BERLIN: The German economy grew by a powerful 3.6 per cent last year, surging ahead at its fastest pace since reunification two decades ago as a rebound in exports was accompanied by strengthening domestic demand, official data showed Wednesday.
The preliminary growth figure for Europe’s biggest economy contrasted with a painful contraction of 4.7 per cent in 2009, which was by far its worst showing since World War II.
Last year’s growth rate was the strongest since reunification in 1990, beating the previous best of 3.4 per cent from 2006.
A key trigger for the strong recovery was powerful growth in exports into a recovering world economy. Germany is the world’s second-biggest exporter after China.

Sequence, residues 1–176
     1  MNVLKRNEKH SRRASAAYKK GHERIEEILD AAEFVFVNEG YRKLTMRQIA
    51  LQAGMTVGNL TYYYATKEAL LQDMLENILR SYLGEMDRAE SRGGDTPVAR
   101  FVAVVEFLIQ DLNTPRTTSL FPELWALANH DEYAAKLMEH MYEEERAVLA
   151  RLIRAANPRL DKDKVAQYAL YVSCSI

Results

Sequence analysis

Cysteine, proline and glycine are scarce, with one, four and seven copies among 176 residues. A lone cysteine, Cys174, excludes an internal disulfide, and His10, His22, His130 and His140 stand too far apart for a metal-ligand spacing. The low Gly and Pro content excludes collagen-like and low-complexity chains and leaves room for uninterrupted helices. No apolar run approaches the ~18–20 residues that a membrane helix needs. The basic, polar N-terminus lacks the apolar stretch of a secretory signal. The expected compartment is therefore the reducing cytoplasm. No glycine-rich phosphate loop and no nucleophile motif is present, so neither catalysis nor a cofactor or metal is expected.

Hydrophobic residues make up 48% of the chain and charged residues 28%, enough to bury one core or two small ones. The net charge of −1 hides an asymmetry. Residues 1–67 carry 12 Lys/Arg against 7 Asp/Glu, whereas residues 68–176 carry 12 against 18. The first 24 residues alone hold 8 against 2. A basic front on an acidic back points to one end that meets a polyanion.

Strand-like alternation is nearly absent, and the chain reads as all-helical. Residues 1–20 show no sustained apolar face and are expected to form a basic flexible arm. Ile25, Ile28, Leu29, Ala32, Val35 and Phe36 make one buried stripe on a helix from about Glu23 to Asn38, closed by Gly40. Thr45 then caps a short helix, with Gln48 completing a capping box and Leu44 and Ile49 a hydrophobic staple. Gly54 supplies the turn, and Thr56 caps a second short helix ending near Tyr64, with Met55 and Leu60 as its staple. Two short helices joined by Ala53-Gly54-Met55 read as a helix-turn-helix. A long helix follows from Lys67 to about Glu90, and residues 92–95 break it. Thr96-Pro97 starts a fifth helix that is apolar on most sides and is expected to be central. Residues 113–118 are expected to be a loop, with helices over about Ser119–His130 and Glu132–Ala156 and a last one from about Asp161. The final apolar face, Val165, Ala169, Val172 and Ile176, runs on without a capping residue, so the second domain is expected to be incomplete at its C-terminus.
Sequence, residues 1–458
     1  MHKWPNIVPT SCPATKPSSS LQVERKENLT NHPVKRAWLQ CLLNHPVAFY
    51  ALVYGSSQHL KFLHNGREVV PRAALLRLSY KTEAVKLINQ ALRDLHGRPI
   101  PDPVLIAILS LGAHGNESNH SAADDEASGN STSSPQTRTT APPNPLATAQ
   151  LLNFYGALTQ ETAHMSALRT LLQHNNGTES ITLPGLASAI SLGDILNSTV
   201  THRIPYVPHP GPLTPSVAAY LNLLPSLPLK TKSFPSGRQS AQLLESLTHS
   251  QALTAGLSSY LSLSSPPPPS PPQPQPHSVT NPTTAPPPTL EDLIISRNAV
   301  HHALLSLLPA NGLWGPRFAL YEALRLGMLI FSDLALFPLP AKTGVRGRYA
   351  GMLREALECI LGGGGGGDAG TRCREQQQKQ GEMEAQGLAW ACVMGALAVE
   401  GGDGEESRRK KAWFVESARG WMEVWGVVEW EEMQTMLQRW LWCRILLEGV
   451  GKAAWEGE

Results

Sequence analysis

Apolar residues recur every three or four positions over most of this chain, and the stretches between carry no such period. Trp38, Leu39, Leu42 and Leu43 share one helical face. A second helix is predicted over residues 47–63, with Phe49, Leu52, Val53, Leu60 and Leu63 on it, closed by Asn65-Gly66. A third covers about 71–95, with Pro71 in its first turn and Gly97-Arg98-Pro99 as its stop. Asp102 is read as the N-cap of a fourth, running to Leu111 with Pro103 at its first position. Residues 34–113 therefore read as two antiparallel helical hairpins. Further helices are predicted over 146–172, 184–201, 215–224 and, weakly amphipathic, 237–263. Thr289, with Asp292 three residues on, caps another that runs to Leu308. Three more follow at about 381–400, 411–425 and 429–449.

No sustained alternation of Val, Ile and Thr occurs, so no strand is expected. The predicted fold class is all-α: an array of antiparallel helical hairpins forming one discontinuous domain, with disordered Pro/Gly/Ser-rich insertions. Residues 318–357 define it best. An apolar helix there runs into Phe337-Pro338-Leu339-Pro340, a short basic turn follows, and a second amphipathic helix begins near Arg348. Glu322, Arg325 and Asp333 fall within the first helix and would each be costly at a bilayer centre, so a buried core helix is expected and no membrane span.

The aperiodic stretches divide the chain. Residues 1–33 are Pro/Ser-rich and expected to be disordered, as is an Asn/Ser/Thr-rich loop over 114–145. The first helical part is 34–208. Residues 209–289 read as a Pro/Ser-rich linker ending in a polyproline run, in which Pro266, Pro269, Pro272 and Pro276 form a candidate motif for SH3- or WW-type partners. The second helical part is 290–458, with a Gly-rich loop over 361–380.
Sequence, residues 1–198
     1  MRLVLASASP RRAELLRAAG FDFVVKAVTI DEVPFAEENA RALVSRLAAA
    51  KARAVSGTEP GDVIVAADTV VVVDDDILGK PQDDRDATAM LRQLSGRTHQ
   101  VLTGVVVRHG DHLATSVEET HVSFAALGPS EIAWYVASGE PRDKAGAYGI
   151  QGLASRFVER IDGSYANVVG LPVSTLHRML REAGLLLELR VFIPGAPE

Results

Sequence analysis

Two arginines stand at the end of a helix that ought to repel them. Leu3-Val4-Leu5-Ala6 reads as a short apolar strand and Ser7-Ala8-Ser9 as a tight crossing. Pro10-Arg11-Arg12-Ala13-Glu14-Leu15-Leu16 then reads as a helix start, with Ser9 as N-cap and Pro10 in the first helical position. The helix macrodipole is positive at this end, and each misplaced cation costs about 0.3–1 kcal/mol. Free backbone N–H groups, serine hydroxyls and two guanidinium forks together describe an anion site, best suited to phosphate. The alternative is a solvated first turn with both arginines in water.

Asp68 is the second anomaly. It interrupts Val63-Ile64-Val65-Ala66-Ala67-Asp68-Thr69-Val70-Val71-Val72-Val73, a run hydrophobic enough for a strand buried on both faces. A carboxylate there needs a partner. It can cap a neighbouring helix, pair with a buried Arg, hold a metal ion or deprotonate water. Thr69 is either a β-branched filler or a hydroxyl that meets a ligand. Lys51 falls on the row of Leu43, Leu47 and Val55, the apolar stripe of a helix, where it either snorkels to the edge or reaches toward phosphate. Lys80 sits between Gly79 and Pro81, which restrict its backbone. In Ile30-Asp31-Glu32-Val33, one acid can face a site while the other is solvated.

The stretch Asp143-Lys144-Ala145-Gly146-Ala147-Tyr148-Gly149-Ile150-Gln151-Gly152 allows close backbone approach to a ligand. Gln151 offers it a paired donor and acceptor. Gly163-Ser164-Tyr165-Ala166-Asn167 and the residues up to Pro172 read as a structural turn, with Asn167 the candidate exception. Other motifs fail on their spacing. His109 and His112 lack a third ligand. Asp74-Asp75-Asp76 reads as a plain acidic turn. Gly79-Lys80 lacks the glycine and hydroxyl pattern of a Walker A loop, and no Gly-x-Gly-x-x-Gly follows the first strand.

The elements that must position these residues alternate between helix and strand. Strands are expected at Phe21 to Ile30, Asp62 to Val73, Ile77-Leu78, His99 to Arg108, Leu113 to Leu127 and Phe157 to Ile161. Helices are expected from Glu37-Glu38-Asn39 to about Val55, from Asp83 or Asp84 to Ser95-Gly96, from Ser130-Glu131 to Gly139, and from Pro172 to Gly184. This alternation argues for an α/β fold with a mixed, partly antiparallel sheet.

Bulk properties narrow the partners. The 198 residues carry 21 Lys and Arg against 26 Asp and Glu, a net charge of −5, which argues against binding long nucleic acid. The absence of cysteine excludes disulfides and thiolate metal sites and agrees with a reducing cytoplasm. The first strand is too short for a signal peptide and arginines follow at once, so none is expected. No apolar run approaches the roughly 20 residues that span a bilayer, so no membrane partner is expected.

Exports grew by 14.2 per cent last year, reversing a decline of 14.3 per cent in 2009, the Federal Statistical Office said.
However, ``what was striking in 2010 was the fact that economic growth was not only based on foreign trade, but also on domestic demand,’’ the office said in a statement.
Investment in machinery and equipment was up 9.4 per cent, following a huge decline of 22.6 per cent the previous year. Household spending was up 0.5 per cent, following a 0.2 per cent decline in 2009.
Imports rose 13 per cent, more than making up a 9.4 per cent drop the previous year. Germany’s swift recovery has made it a standout in the 17-nation eurozone, where smaller economies such as Ireland, Greece and Portugal have been struggling with huge debts.